The Not Guilty Verdicts
By JONNA SPILBOR
The jury in the Michael Jackson child molestation case has spoken, acquitting the pop star on charges that the star molested a teenage cancer survivor who briefly resided with him between 2002 and 2003.
Jackson was cleared of ten charges in all. They included four counts alleging he molested, or attempted to molest, the then 13-year-old accuser; four counts alleging he’d plied the boy with alcohol; and one count alleging he’d conspired to hold the boy and his family hostage at Jackson’s sprawling Neverland Ranch
The case began with a confident forty-six-year old Jackson dancing for fans on the roof of an SUV. But it concluded with a sullen slip of a man shuffling slowly away from the courthouse; Jackson seemed not jubilant to have won his freedom, but exhausted and spent.
So what happened? Is Jackson a wealthy celebrity defendant who was able to buy freedom for a price? Or is he a product of a justice system that, on occasion, actually works?
In this column, I will discuss how the case against Michael Jackson may indeed go down in history — not as a case that went wrong, but one that went right.
The verdict essentially vindicates the King of Pop, ending what has been described as a long-standing vendetta between Tom Sneddon, the Santa Barbara District Attorney, and Jackson himself. And it resolved this vendetta the right way: In Jackson’s favor.
When It Comes to Evidence, Quantity Can’t Make Up for Lack of Quality
The evidence against Jackson was copious in quantity, but very poor in quality, and that’s what led to the jury’s acquittal.
There was virtually no physical evidence. There was no chilling confession. So the prosecution based its case on testimony – calling eighty-five witnesses, and dragging in allegations of molestation that were nowhere to be found in its indictment.
The prosecution’s case thus turned on the credibility of those who testified. And on credibility, the case was lost: When jurors addressed the awaiting cameras, in the hours after the verdict was returned, their message was consistent and clear: They didn’t believe the key prosecution witnesses, particularly the two whose testimony was crucial: the accuser and his mother.
The defense successfully portrayed the Arviso family as a family of grifters who exploited the boy’s illness to shake down celebrities for money. The accuser’s mother, Janet Arviso had to admit on the stand that she’d lied under oath to bolster her damages in a previous civil case against retailer J.C. Penney – a case in which she’d collected more than $152,000.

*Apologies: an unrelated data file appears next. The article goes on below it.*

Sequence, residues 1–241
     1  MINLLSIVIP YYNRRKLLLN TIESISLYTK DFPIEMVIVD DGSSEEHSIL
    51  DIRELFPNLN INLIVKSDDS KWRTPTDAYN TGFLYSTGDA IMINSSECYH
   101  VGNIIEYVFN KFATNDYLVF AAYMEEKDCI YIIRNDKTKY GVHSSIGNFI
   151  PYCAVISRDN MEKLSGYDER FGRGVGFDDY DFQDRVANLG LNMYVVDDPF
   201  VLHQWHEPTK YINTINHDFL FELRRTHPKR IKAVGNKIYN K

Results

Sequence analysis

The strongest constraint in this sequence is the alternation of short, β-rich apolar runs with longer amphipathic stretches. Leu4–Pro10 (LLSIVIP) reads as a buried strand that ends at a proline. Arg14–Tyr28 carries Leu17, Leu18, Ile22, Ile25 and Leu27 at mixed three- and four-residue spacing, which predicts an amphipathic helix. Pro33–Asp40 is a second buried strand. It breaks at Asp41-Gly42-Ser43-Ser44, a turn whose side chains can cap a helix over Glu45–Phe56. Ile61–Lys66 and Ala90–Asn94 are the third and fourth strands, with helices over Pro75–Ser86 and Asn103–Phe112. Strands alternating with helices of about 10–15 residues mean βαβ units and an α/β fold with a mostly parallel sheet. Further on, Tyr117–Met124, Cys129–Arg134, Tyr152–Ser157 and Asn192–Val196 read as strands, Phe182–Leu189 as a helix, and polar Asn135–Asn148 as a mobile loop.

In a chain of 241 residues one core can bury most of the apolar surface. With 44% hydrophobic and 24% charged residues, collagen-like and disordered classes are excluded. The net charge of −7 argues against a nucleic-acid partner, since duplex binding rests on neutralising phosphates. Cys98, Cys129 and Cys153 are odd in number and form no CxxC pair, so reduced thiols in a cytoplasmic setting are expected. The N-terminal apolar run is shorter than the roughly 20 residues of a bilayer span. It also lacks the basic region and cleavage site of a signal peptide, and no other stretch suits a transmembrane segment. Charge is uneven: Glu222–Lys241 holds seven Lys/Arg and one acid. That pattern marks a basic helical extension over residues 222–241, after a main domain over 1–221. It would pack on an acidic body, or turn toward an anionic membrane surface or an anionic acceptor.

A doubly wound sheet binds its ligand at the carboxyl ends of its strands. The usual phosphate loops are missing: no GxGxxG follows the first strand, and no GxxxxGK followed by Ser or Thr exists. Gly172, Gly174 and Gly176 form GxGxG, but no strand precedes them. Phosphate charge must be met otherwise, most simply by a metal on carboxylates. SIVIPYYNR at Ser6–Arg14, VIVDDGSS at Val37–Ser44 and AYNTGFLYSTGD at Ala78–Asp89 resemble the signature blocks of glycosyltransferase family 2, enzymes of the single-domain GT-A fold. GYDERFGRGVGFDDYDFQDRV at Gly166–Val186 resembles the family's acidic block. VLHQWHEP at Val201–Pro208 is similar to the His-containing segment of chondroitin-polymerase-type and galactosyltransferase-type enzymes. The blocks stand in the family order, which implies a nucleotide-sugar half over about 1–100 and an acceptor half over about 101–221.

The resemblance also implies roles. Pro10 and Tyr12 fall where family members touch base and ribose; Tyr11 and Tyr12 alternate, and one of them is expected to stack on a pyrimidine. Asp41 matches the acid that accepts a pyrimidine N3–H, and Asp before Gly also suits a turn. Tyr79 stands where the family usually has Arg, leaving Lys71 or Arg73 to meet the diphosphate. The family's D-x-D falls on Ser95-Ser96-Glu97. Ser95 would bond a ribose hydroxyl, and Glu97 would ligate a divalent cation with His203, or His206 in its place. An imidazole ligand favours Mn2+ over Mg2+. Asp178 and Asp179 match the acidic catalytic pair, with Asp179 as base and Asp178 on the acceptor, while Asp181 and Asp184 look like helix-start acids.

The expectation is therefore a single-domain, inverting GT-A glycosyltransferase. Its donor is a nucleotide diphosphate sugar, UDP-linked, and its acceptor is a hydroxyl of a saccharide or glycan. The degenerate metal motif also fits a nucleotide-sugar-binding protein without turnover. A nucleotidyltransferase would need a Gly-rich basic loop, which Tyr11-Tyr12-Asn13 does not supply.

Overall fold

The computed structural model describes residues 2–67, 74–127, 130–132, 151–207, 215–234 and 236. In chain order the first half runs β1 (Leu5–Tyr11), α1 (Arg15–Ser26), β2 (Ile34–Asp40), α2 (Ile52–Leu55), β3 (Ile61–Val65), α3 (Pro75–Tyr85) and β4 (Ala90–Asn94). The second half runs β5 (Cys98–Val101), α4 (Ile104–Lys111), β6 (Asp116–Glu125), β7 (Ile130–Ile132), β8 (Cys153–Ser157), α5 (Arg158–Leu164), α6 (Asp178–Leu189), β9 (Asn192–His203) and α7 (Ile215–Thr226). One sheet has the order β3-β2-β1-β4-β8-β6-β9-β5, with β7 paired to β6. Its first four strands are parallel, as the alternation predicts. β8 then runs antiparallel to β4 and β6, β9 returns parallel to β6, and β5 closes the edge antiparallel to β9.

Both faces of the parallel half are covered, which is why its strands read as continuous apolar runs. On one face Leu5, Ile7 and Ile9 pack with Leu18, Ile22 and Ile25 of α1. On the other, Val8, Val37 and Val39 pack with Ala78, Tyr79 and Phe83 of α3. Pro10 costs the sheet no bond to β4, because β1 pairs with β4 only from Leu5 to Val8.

In that case, Arviso had alleged that security guards had sexually abused her and her son during a shoplifting incident – causing her specific injuries. But defense attorney Thomas Mesereau Jr. persuasively argued to the jury that these injuries were caused not by the guards, but rather by Arviso’s abusive ex-husband.
And it wasn’t just J.C. Penney that Arviso cheated, according to the defense; it was also the State of California – and thus, in a sense, the twelve taxpayers sitting in the jury box!
Mesereau showed that Arviso had failed to report her $152,000 settlement on a subsequent application for welfare benefits. When questioned about the matter, Arviso asserted her right to refuse to testify under the Fifth Amendment – which applies only when one fears criminal prosecution. No wonder Arviso took the Fifth: Failing to report income on a welfare application, signed under oath, is a felony in California.
On the whole, it would have been a naïve and gullible juror who swallowed Janet Arviso’s testimony whole. And even if jurors were inclined to believe Arviso’s testimony in part, the required jury instruction – used in all California criminal cases – as much as warned them to be cautious.
It said: "A witness, who is willfully false in one material part of his or her testimony, is to be distrusted in others. You may reject the whole testimony of a witness who willfully has testified falsely as to a material point, unless, from all the evidence, you believe the probability of truth favors his or her testimony in other particulars."
This instruction may have hurt the credibility of the accuser too. During the defense case in chief, Mesereau presented evidence that the accuser’s mother had coached her children to lie in the J.C. Penney case, going so far as to send her children to acting school to make them better storytellers under oath! With evidence like this, a jury would have been hard pressed to believe the accuser’s testimony beyond a reasonable doubt. And the instruction was clear: If you feel a witness is lying under oath about a given issue, think seriously about whether you can believe him on other issues.
As the jury instruction indicates, testimony is only as reliable as its source – and that’s what killed the Jackson prosecution. Jurors properly evaluated the accuser’s testimony and demeanor, as well as that of as his mother, and concluded that these key prosecution witnesses were not to be believed – or, at least, that their testimony was shaky enough to create reasonable doubt.